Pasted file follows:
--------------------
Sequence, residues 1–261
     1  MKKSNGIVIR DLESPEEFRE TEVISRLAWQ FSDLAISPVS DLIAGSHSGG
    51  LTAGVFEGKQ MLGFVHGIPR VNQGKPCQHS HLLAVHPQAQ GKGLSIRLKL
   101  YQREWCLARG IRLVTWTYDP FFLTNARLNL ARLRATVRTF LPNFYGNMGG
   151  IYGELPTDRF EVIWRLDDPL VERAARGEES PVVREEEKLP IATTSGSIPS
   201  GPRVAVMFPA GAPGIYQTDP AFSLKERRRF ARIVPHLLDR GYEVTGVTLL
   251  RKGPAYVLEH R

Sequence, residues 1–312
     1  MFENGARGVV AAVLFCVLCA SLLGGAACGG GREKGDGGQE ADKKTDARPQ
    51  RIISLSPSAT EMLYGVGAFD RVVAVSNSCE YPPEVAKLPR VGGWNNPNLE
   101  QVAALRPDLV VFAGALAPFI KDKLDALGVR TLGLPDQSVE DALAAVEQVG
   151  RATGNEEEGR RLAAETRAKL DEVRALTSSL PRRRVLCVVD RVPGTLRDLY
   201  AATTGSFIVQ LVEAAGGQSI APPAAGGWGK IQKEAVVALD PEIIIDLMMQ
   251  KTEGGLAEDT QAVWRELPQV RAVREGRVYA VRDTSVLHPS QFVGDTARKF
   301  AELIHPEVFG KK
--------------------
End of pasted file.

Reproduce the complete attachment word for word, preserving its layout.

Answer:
Sequence, residues 1–261
     1  MKKSNGIVIR DLESPEEFRE TEVISRLAWQ FSDLAISPVS DLIAGSHSGG
    51  LTAGVFEGKQ MLGFVHGIPR VNQGKPCQHS HLLAVHPQAQ GKGLSIRLKL
   101  YQREWCLARG IRLVTWTYDP FFLTNARLNL ARLRATVRTF LPNFYGNMGG
   151  IYGELPTDRF EVIWRLDDPL VERAARGEES PVVREEEKLP IATTSGSIPS
   201  GPRVAVMFPA GAPGIYQTDP AFSLKERRRF ARIVPHLLDR GYEVTGVTLL
   251  RKGPAYVLEH R

Sequence, residues 1–312
     1  MFENGARGVV AAVLFCVLCA SLLGGAACGG GREKGDGGQE ADKKTDARPQ
    51  RIISLSPSAT EMLYGVGAFD RVVAVSNSCE YPPEVAKLPR VGGWNNPNLE
   101  QVAALRPDLV VFAGALAPFI KDKLDALGVR TLGLPDQSVE DALAAVEQVG
   151  RATGNEEEGR RLAAETRAKL DEVRALTSSL PRRRVLCVVD RVPGTLRDLY
   201  AATTGSFIVQ LVEAAGGQSI APPAAGGWGK IQKEAVVALD PEIIIDLMMQ
   251  KTEGGLAEDT QAVWRELPQV RAVREGRVYA VRDTSVLHPS QFVGDTARKF
   301  AELIHPEVFG KK